1
A
2
D
3
A
4
M
5
P
6
A
7
I
8
L
9
G
10
L
11
O
12
O
13
M
14
N
A
S
A
15
A
L
O
U
16
R
U
M
B
A
17
T
H
E
R
18
E
Y
O
U
G
19
O
A
G
A
I
N
20
E
L
A
T
I
O
N
21
E
X
P
E
N
S
E
22
S
L
E
23
W
24
E
E
R
25
M
26
A
27
R
28
I
N
A
29
R
30
A
Y
S
31
M
32
A
33
P
34
O
B
E
S
E
35
W
O
R
E
36
C
O
M
A
37
T
H
E
I
R
38
F
I
N
E
S
39
T
H
O
U
R
40
T
O
S
S
41
O
L
G
A
42
R
I
N
S
E
43
O
R
E
44
D
O
T
E
45
L
A
P
S
E
D
46
B
E
D
47
D
48
E
E
D
49
S
50
T
51
L
U
C
I
52
A
53
A
G
E
54
G
55
A
56
P
57
S
58
T
H
E
Y
R
E
G
59
R
R
R
R
R
E
A
T
60
A
R
N
I
E
61
R
I
T
E
62
E
R
I
E
63
B
O
O
N
E
64
A
C
H
E
65
W
O
R
M
© 2014, The New York TimesNo. 0414 ( 23,533 )
Across Down
1. Eve's mate : ADAM
5. Bucket : PAIL
9. Atmosphere of despondency : GLOOM
14. Launcher of the Curiosity rover : NASA
15. Major League Baseball family name : ALOU
16. Cuban dance : RUMBA
17. Famous debate words from Reagan to Carter : THEREYOUGOAGAIN
20. Extreme happiness : ELATION
21. Money outlay : EXPENSE
22. Boatload : SLEW
24. Always, in poetry : EER
25. Yacht club locale : MARINA
29. Sunbeams : RAYS
31. Cartographer's drawing : MAP
34. Not just overweight : OBESE
35. Sported, as a sports jacket : WORE
36. Unconscious state : COMA
37. Churchill's description of the Royal Air Force during W.W. II : THEIRFINESTHOUR
40. Deep-six : TOSS
41. ___ Korbut, 1972 Olympic gymnastics star : OLGA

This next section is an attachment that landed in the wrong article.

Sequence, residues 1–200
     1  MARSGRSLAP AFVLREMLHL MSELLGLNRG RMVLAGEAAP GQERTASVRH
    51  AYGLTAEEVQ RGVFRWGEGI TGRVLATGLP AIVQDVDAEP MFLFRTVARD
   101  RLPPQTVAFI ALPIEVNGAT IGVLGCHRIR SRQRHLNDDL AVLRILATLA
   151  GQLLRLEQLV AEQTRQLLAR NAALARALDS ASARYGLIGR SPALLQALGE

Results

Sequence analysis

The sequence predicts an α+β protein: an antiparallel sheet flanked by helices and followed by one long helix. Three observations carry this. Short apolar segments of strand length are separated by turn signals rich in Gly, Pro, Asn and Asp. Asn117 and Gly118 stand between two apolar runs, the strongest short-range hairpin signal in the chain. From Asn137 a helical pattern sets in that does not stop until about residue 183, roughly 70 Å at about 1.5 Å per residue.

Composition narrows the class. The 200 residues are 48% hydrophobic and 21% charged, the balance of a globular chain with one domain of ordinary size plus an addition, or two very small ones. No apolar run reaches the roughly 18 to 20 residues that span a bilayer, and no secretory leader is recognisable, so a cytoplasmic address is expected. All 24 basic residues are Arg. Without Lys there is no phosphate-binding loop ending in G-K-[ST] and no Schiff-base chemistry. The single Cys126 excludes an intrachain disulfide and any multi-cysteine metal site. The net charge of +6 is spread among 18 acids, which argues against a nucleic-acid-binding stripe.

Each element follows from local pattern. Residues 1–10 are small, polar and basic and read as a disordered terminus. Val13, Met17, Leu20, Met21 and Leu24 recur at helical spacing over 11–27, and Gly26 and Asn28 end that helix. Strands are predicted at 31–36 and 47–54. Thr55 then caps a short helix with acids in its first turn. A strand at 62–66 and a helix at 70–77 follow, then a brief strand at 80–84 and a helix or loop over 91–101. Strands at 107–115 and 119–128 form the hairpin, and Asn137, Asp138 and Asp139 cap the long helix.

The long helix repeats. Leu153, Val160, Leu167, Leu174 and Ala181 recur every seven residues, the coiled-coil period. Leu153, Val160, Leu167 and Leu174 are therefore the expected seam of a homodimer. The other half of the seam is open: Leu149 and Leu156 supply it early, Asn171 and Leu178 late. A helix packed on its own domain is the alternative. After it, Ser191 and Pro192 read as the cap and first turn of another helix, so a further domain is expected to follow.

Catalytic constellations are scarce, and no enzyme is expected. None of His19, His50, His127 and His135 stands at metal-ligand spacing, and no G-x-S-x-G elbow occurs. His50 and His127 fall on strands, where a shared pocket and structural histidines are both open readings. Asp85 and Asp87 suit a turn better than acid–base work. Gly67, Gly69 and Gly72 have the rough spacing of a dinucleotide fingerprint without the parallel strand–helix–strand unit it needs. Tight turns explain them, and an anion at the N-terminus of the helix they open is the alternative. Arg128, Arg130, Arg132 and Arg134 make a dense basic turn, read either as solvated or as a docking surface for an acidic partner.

42. Cycle after wash : RINSE
43. Mined metal : ORE
44. Lavish affection (on) : DOTE
45. Expired : LAPSED
46. Mattress site : BED
47. Homeowner's proof : DEED
49. Caribbean island nation south of Martinique : STLUCIA
53. May-December romance features : AGEGAPS
58. Endorsement from Tony the Tiger : THEYREGRRRRREAT
60. Golfer Palmer, to his "army" : ARNIE
61. ___ of passage : RITE
62. Canal of song : ERIE
63. "April Love" singer Pat : BOONE
64. Yearn (for) : ACHE
65. Wriggling bait : WORM
1. Pay to play, as poker : ANTE
2. Roald who wrote "James and the Giant Peach" : DAHL
3. Sailing : ASEA
4. Feature of many a gas station nowadays : MART
5. D.J.'s bribe : PAYOLA
6. "Home ___" (Macaulay Culkin film) : ALONE
7. Gambler's note : IOU
8. Olympic sled : LUGE
9. Vine fruits : GRAPES
10. German pistol : LUGER
11. Gulf country : OMAN
12. Geishas' sashes : OBIS
13. What a lion has that a lioness lacks : MANE
18. Former Disney chief Michael : EISNER
19. Some daisies : OXEYES
23. Treated badly : WRONGED
25. "Semper Fidelis," for the U.S. Marines : MOTTO
26. Hate, hate, hate : ABHOR
27. Witherspoon of "Legally Blonde" : REESE
28. Sister and wife of Osiris : ISIS
30. Square footage : AREA
31. Mars's Phobos and Deimos : MOONS
32. Tickle : AMUSE
33. Used a peeler on : PARED
35. Droop, as flowers : WILT
36. Word with potato or chocolate : CHIP
38. Gourmet : FOODIE
39. Wall Street worker : TRADER
44. Official proclamation : DECREE
45. Simon of "Uncle Tom's Cabin" : LEGREE
46. Pay to play, as poker : BUYIN
48. Third rock from the sun : EARTH
49. Assault with a knife : STAB
50. "Comin' ___ the Rye" : THRO
51. Recently retired Jay : LENO
52. Site of the Taj Mahal : AGRA
54. Got bigger : GREW
55. Prefix with dynamic : AERO
56. Low poker holding : PAIR
57. Bloom's support : STEM
59. Ocasek of the Cars : RIC

Answer summary: 1 unique to this puzzle, 2 unique to Shortz Era but used previously.

Found bugs or have suggestions?